Efficacy of a Broad Host Range Lytic Bacteriophage Against E. coli Adhered to Urothelium
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- Sillankorva, S., Oliveira, D., Moura, A. et al. Curr Microbiol (2011) 62: 1128. doi:10.1007/s00284-010-9834-8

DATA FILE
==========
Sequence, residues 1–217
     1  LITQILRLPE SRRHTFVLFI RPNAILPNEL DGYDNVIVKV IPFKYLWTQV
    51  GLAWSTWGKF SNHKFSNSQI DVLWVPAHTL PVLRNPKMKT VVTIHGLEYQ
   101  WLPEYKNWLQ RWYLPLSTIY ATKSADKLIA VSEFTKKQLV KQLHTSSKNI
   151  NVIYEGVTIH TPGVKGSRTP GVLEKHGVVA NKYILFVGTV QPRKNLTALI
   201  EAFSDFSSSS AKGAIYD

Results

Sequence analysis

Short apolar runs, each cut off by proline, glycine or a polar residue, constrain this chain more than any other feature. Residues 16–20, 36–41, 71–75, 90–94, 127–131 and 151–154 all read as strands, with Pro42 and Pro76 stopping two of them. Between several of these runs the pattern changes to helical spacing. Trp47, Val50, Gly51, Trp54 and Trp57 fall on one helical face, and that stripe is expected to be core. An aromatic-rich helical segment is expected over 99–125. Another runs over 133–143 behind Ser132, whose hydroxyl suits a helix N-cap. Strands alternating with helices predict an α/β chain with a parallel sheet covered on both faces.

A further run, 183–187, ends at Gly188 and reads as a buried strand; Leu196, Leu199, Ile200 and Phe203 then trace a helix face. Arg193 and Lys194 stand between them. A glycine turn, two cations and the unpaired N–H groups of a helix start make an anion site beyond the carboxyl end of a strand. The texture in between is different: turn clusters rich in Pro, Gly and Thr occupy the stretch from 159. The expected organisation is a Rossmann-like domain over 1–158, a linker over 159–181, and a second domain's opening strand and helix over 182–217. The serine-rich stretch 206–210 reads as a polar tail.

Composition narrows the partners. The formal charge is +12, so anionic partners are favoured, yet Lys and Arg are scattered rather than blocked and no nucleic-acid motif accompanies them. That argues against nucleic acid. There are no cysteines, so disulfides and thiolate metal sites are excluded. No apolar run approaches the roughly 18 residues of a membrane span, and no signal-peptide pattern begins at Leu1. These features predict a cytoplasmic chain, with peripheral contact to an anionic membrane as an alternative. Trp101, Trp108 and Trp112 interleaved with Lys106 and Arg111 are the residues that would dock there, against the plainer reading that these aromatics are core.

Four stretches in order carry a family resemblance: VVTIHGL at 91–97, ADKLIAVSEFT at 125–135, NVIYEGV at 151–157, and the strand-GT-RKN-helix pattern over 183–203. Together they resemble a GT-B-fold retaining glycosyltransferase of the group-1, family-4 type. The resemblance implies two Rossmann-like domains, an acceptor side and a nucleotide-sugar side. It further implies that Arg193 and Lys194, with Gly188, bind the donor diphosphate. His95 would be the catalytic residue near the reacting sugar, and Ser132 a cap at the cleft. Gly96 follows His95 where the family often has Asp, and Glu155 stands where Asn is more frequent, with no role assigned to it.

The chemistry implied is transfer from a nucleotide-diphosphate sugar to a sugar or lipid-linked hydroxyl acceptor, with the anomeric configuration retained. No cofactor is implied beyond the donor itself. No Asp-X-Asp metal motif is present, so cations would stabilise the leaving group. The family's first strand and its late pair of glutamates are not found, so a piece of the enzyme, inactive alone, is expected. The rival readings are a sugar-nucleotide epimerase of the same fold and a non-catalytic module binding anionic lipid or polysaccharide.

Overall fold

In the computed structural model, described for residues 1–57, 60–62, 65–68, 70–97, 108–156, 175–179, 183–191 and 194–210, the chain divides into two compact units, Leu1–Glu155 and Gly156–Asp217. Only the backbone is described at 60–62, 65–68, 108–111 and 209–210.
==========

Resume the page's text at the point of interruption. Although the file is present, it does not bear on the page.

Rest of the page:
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Persistent urinary tract infections (UTI) are often caused by E. coli adhered to urothelium. This type of cells is generally recognized as very tolerant to antibiotics which renders difficult the treatment of chronic UTI. This study investigates the use of lytic bacteriophages as alternative antimicrobial agents, particularly the interaction of phages with E. coli adhered to urothelium and specifically determines their efficiency against this type of cells. The bacterial adhesion to urothelium was performed varying the bacterial cell concentrations and the period and conditions (static, shaken) of adhesion. Three collection bacteriophages (T1, T4, and phiX174 like phages) were tested against clinical E. coli isolates and only one was selected for further infection experiments. Based on the lytic spectrum against clinical isolates and its ability to infect the highest number of antibiotic resistant strains, the T1-like bacteriophage was selected. This bacteriophage caused nearly a 45% reduction of the bacterial population after 2 h of treatment. This study provides evidence that bacteriophages are effective in controlling suspended and adhered cells and therefore can be a viable alternative to antibiotics to control urothelium- adhered bacteria.